Donald Trump: I was wrong and I apologize
Idaho Republican Sen. Jim Risch said Tuesday that he will vote for Donald Trump for president, even though he said he’s “disgusted by the vulgar and indefensible revelations relating to the Republican nominee’s character.”
“Not withstanding that disgust, Hillary Clinton cannot be allowed to become President,” Risch said in a statement. “Her several Supreme Court appointments will jolt America shockingly to the left. No third party candidate can defeat her. Without any options other than to abandon America to the left or vote for the Republican nominee, as distasteful as that may be, I will not abandon my country. I will cast my vote for the Republican nominee.”
Without any options other than to abandon America to the left or vote for the Republican nominee, as distasteful as that may be, I will not abandon my country. I will cast my vote for the Republican nominee.
Idaho Republican Sen. Jim Risch
Risch, who originally backed Florida Republican Sen. Marco Rubio’s presidential bid, is the last of the four Republicans in Idaho’s congressional delegation to weigh in on Trump since Oct. 7, when the Washington Post released a 2005 video that showed Trump boasting about kissing and groping women.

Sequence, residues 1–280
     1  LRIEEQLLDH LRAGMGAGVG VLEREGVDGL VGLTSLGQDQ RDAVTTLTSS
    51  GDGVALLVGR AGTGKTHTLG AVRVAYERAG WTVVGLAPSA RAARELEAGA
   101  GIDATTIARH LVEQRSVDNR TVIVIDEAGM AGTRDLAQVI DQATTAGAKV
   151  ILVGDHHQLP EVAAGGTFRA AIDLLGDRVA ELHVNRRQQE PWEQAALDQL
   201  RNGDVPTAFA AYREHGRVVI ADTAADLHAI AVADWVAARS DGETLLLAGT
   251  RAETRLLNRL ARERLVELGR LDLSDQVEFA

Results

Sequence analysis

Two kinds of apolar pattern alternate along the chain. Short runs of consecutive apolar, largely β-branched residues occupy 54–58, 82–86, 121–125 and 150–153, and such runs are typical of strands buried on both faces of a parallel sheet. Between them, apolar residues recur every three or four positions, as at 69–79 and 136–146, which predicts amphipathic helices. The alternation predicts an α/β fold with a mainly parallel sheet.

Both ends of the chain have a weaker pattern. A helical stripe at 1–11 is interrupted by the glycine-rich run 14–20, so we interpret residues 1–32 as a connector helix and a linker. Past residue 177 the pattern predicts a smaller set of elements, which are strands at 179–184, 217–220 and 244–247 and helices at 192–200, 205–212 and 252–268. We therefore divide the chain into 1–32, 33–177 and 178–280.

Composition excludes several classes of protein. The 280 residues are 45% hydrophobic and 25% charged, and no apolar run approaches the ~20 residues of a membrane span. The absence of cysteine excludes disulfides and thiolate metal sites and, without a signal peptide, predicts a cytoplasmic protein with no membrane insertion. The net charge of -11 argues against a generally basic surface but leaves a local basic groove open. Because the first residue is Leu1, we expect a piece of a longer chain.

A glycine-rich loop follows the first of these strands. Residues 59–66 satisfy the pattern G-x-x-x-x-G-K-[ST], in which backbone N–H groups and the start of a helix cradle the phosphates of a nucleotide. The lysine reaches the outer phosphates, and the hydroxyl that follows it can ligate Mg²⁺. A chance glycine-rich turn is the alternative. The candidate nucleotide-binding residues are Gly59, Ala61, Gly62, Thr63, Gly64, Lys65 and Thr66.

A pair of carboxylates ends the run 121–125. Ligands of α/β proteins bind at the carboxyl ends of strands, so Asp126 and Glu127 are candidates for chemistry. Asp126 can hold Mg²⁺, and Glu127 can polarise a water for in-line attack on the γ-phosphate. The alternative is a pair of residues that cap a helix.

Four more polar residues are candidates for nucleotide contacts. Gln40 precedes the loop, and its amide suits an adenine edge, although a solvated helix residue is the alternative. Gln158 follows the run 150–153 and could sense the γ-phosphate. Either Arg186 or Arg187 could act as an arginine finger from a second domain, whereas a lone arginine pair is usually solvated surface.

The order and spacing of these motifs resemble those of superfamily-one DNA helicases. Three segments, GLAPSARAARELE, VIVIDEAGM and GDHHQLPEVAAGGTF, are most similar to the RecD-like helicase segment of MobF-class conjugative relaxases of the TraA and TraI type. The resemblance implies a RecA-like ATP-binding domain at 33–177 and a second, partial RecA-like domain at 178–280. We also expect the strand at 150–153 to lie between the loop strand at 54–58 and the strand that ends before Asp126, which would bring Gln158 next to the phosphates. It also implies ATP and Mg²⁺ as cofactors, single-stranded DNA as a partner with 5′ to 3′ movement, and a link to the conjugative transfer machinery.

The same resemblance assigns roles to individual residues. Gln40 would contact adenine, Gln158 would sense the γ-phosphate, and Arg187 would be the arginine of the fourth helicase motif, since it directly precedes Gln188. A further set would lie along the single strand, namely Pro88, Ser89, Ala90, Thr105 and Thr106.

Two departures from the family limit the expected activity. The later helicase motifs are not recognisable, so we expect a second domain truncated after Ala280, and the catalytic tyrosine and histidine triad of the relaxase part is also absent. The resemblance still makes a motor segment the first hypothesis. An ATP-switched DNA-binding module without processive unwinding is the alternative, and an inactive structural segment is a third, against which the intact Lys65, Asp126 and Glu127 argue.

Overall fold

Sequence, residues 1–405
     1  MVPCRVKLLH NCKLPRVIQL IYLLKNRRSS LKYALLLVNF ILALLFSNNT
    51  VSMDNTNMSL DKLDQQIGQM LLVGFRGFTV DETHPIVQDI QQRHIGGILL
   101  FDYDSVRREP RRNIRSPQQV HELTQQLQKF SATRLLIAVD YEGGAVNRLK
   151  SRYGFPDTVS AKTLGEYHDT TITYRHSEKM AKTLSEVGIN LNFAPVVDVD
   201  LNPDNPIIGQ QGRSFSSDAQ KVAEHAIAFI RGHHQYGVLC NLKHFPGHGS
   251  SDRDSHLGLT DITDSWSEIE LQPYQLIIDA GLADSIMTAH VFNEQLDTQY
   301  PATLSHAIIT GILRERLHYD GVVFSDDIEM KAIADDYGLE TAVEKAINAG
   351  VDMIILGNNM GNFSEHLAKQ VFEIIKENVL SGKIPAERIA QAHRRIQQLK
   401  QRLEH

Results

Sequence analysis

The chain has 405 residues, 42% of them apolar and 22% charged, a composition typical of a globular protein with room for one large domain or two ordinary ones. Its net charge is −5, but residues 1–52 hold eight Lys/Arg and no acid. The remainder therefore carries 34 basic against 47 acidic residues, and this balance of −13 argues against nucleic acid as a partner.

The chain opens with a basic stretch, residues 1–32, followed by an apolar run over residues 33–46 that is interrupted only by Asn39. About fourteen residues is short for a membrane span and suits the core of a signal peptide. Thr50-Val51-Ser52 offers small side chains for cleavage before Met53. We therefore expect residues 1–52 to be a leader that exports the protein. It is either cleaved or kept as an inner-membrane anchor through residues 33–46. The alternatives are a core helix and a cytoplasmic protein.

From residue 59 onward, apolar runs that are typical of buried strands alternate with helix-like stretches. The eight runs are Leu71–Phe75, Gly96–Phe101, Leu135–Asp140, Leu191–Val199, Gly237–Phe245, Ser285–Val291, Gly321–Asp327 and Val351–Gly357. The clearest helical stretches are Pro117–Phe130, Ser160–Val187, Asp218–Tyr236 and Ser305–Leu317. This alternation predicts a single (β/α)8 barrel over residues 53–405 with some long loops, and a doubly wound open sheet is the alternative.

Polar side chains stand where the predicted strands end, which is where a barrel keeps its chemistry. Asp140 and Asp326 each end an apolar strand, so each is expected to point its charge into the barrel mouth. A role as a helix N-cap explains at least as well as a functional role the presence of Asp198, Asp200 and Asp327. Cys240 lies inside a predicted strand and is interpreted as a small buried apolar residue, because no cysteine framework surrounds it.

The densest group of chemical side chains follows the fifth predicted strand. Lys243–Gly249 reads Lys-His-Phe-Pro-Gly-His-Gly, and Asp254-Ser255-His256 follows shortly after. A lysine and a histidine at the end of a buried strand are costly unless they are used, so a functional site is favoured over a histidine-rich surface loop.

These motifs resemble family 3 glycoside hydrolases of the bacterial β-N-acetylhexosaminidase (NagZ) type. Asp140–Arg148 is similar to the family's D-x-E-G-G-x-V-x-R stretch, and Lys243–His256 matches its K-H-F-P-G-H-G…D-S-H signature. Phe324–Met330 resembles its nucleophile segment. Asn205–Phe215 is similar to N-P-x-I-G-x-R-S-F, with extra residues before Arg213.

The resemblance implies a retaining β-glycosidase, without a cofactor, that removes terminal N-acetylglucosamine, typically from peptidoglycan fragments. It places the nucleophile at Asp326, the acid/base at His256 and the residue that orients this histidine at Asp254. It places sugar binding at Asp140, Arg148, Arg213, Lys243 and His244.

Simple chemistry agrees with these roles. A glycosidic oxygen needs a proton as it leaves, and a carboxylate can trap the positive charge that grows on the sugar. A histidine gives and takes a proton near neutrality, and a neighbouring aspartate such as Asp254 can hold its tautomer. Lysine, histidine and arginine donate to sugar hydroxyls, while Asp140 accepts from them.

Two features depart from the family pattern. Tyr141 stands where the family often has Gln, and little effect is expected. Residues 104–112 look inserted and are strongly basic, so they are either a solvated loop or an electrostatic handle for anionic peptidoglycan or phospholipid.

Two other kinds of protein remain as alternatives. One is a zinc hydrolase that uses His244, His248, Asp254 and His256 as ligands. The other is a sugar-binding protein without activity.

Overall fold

On the day after the release of the video, Sen. Mike Crapo became one of the first members of his party to distance himself from Trump, calling his remarks “disrespectful, profane and demeaning” and that he should end his presidential bid.
While Crapo said then that he was no longer endorsing Trump’s candidacy, he said during a debate on Friday that he had not yet ruled out voting for Trump himself.
“I haven’t made a decision yet,” Crapo said in a debate on Idaho Public Television’s “Idaho Reports.”
Rep. Mike Simpson never endorsed Trump. He told the Idaho Statesman editorial board on Friday that “somebody’s got to stand up for civility and decency and say enough is enough.”
Rep. Raul Labrador called Trump’s remarks about women “indefensible” but said he’s still a better choice than Democratic candidate Hillary Clinton.
“Despite his many flaws, Donald Trump represents the best chance to change the way Washington works,” Labrador said.